Report calls for end to Direct Provision asylum system
Posted July 21, 2016
- Report says Direct Provision fails to provide asylum applicants with adequate care
- Some applications have taken more than ten years to process
A new report published by the Irish Refugee Council, co-authored by University College Dublin and Trinity College Dublin, calls for an end to the Direct Provision asylum system.
The Direct Provision system was started in 2000 to meet the Irish state’s international obligations on housing asylum seekers during their application process. It anticipated a maximum wait time of six months but in some cases residents spend more than ten years in the system.
According to the report, the system designed to accommodate asylum seekers on first arrival to Ireland is failing to provide an adequate level of care both during and after the application process.
When individuals have their status approved, they are asked to leave Direct Provision centres within 21 days but are not given specific information about how to find housing.
Residents are also denied the right to work. With an average application period of three years, residents who exit Direct Provision face significant problems in finding employment having been out of work for a number of years.
More than 500 people have been granted permission to stay in Ireland but remain in Direct Provision because they cannot find or afford accommodation.
The report also says the monotony of daily life in the accommodation has a negative effect on the mental health of residents. The structure and rules of Direct Provision often leads to disempowerment and institutionalisation, further exacerbating problems of integration into wider society.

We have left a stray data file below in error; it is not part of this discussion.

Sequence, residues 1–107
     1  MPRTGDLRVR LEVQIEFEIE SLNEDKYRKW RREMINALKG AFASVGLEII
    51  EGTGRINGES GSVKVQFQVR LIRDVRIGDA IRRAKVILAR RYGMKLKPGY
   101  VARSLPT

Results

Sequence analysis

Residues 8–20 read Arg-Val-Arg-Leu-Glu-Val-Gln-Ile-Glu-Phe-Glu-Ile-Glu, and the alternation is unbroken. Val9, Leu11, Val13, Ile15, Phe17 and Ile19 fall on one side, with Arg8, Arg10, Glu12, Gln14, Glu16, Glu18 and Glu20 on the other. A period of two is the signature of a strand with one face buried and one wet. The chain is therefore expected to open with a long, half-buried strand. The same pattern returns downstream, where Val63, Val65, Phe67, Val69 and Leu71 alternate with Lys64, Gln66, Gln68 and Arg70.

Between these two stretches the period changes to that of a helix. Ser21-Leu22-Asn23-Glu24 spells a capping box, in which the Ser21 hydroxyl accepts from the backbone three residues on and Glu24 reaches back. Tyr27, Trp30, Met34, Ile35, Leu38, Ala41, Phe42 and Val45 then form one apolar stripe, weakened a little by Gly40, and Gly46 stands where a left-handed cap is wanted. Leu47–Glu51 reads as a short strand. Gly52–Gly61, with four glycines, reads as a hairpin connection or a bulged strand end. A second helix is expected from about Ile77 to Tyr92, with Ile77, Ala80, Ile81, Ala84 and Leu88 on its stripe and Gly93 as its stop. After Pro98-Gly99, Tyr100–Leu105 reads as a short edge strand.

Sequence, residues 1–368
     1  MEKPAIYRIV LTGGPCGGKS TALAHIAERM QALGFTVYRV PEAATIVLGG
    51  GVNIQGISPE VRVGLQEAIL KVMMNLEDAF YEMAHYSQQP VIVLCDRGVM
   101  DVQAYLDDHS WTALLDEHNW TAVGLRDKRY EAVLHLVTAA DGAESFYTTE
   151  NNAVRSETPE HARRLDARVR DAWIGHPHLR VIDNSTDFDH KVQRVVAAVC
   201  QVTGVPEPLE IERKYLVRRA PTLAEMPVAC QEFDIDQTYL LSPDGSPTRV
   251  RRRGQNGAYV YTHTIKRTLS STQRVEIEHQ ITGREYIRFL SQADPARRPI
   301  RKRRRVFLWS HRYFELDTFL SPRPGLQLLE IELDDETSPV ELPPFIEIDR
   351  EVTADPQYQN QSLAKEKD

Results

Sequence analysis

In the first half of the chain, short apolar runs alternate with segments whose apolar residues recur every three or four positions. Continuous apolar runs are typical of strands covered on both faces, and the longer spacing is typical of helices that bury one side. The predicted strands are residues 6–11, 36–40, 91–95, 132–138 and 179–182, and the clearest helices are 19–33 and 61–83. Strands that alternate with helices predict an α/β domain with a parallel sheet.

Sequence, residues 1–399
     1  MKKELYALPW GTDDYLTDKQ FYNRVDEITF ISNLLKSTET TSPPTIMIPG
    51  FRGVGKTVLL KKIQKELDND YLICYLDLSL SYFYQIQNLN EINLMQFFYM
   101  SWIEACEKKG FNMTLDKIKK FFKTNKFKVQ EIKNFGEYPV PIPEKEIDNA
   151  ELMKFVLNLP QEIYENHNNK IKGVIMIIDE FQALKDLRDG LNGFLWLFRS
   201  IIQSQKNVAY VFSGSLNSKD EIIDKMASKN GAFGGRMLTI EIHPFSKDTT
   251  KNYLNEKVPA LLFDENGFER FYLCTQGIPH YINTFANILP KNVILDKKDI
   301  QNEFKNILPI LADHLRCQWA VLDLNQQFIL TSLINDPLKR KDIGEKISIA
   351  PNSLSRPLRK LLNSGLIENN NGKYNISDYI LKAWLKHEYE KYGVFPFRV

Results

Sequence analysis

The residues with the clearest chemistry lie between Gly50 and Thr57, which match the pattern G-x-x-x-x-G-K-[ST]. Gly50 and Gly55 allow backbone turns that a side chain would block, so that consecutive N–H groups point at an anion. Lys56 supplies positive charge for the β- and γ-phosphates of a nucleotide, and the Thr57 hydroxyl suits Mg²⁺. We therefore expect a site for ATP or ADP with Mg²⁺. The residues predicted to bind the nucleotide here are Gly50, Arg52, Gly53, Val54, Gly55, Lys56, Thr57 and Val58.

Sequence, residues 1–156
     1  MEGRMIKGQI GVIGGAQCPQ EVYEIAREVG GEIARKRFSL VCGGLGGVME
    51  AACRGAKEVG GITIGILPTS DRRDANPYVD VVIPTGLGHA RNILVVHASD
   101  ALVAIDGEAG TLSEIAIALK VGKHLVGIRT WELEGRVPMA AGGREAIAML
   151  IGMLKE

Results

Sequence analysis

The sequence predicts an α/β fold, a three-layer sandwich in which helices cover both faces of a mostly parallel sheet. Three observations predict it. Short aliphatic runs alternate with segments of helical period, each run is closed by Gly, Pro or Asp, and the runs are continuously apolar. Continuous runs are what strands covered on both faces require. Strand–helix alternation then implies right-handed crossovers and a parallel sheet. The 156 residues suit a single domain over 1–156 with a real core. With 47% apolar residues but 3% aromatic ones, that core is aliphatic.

The authors of the report call for those leaving Direct Provision to be provided with a resettlement grant large enough to pay for a rental deposit, one month’s rent and essential household items.
“Asylum seekers receive only €19.10 while in Direct Provision and for the majority this continues to be their payment as they look for accommodation following the granting of their status,” said co-author Dr Muireann Ní Raghallaigh, UCD School of Social Policy, Social Work and Social Justice.
“Although discretionary exceptional needs payments can be made available, most of the study’s participants did not receive them. As a result people were often forced to borrow money and get into debt in order to be able to move out of direct provision.”
The report recommends that customised education and employment programmes be made available to everyone leaving Direct Provision. The Irish Refugee Council provides this in collaboration with the National Learning Network.
To read the report, titled “Transition: from Direct Provision to life in the community: The experiences of those who have been granted refugee status, subsidiary protection or leave to remain in Ireland,” click here.
By: Jonny Baxter, digital journalist, UCD University Relations